I. Courts Continue to Stay CBD
Class Actions Pending FDA Rulemaking
Motions to stay based on the primary jurisdiction doctrine continue to be effective in combating class action lawsuits filed against CBD companies for allegedly misrepresenting the amount of CBD in their products and illegally selling CBD as an unapproved drug. Most recently, on March 3, 2021, Judge Dolly Gee of the Central District of California issued a pair of orders staying two class action suits against Infinite Product Company LLC and cbdMD Inc. Dasilva v. Infinite Prod. Co., No. 2:19-cv-10148 (C.D. Cal. Mar. 3, 2021); Davis v. cbdMD, Inc., No. 2:19-cv-10241 (C.D. Cal. Mar. 3, 2021). In her rulings, Judge Gee cited the primary jurisdiction doctrine as the basis for granting both companies indefinite stays until “the FDA completes its rulemaking and/or Congress passes legislation regarding the definitions, marketing, and labeling of CBD products.” Dasilva, slip op. at 4; Davis, slip op. at 3. Specifically, Judge Gee noted greater clarity was needed on whether CBD products are drugs, dietary supplements, or food products, and what standards apply to these products. Dasilva, slip op. at 3; Davis, slip op. at 3.
By way of background, the primary jurisdiction doctrine allows courts to stay cases when they could require the court to determine a new regulatory question that is more appropriately decided by the applicable government agency. Under this doctrine, stays are particularly appropriate when an industry is statutorily subject to the “jurisdiction of an administrative body with regulatory authority” and the issue involved “requires expertise or uniformity in administration.” Syntek Semiconductor Co., Ltd. v. Microchip Tech., Inc., 307 F.3d 775, 781 (9th Cir. 2002).
Accordingly, when it comes to CBD class actions based on misrepresenting the amount of CBD in products or illegally selling CBD as an unapproved drug, a few key facts support the need for a stay. First, the Food, Drug and Cosmetics Act subjects essentially all uses of CBD to the Food and Drug Administration’s (“FDA”) regulatory authority. Second, regulating food and drugs requires the FDA’s particular expertise. Third, because CBD is sold nationwide, uniformity in administering rules applicable to CBD is important. Fourth, in the spring of 2019, the FDA formed a task force on CBD regulation and has since signaled that it is working to promulgate regulations to address the use of CBD in food and cosmetics.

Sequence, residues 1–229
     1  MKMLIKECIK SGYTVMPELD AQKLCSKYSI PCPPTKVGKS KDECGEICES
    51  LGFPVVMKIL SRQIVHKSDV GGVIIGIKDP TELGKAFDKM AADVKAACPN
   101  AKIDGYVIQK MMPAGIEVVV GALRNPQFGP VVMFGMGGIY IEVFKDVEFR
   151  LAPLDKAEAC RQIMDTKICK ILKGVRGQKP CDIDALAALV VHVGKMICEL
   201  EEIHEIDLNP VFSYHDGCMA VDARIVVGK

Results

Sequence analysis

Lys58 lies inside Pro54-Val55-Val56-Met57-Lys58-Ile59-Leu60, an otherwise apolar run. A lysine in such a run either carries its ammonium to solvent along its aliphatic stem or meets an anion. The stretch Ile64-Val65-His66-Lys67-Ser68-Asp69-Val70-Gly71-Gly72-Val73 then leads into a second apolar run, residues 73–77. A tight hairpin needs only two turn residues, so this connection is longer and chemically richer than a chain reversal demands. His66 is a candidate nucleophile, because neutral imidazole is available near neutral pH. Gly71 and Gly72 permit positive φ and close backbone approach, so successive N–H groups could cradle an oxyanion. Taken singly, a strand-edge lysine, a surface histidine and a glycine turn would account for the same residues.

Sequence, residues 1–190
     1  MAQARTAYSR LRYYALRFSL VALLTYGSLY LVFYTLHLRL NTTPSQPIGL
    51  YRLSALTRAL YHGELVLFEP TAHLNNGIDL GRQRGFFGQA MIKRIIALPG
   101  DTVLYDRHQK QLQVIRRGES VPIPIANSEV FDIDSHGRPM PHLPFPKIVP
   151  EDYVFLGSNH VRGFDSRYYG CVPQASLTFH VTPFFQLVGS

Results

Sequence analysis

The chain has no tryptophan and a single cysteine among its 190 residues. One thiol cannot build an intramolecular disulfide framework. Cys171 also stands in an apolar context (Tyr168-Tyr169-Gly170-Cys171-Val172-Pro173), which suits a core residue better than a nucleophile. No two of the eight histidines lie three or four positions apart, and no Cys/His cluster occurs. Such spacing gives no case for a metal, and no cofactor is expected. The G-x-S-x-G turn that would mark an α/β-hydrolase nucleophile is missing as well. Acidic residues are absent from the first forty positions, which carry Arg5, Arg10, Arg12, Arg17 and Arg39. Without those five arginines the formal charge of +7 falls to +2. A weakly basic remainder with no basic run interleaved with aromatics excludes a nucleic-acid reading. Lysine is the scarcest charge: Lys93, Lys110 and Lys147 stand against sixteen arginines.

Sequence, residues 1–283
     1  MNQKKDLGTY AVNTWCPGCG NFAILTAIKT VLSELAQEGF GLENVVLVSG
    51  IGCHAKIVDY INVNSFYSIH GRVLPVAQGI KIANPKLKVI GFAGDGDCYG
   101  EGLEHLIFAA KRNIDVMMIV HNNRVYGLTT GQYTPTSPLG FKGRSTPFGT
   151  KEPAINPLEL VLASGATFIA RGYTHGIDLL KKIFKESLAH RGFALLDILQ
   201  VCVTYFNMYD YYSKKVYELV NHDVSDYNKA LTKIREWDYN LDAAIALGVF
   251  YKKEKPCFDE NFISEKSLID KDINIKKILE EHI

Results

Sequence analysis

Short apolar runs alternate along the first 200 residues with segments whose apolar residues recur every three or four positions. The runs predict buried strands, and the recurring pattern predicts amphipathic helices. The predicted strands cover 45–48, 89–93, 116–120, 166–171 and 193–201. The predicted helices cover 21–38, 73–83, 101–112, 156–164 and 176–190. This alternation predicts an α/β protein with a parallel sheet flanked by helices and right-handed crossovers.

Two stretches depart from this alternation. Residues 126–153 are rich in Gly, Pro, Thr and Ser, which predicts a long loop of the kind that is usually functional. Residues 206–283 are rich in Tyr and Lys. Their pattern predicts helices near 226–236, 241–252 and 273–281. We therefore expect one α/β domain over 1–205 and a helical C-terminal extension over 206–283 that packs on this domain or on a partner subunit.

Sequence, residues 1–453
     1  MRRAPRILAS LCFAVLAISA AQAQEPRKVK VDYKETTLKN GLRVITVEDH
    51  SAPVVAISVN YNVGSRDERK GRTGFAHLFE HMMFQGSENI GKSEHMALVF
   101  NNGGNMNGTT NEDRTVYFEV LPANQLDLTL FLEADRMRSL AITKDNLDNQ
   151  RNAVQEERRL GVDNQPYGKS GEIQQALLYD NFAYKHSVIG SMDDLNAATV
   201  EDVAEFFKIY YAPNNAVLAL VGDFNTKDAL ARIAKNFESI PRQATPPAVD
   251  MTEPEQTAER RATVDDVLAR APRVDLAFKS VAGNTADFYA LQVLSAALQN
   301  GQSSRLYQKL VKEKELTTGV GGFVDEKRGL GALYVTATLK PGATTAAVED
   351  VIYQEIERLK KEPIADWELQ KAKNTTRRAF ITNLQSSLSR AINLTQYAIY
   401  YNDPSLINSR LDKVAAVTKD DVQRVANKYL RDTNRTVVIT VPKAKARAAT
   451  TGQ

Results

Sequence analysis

Relying on these facts, CBD companies have used the primary jurisdiction doctrine to convince federal courts throughout the United States to stay class action cases against them until the FDA promulgates more definite regulations regarding CBD. Dasilva and Davis are just the latest in a line of cases stayed on primary jurisdiction grounds. In January of 2020, the Southern District of Florida stayed Snyder v. Green Roads of Florida, No. 0:19-cv-62342 (S.D. Fla. Jan. 3, 2020); in May 2020, the Central District of California stayed Collette v. CV Sciences, Inc., No. 2:19-cv-10227 (C.D. Cal. May 22, 2020); in June 2020, the Eastern District of California stayed Glass v. Global Widget, LLC, No. 2:19-cv-01906 (E.D. Cal. June 15, 2020); and in August 2020, the District of Massachusetts stayed Ahumada v. Global Widget, No. 1:19-cv-12005 (D. Mass. Aug. 11, 2020), all on primary jurisdiction grounds. At least one case, however, has declined to use the primary jurisdiction doctrine to stay a class action. In Potter v. Potnetwork Holdings, Inc., No. 1:19-cv-24017 (S.D. Fla. Mar. 30, 2020), a plaintiff brought a class action alleging that the defendants’ CBD oil and gummies contained less CBD than listed on the labels, and defendants argued the case should be stayed under the primary jurisdiction doctrine. Potter, slip op. at 1, 7. The Southern District of Florida declined to issue a stay, reasoning that “the FDA has not expressed interest in modifying the disclosure requirements for nutrients or additives,” and it was not aware of any “regulation under consideration that may affect these specific food labeling requirements.” Id. at 9.
It is important to note that because stays do not completely dispose of these cases, they will eventually recommence once the FDA promulgates the necessary CBD regulations, the FDA announces it will not do so, or Congress passes legislation otherwise regulating CBD.
II. California Attorney General Argues Businesses With
Provisional Cannabis Licenses Have No Due Process Rights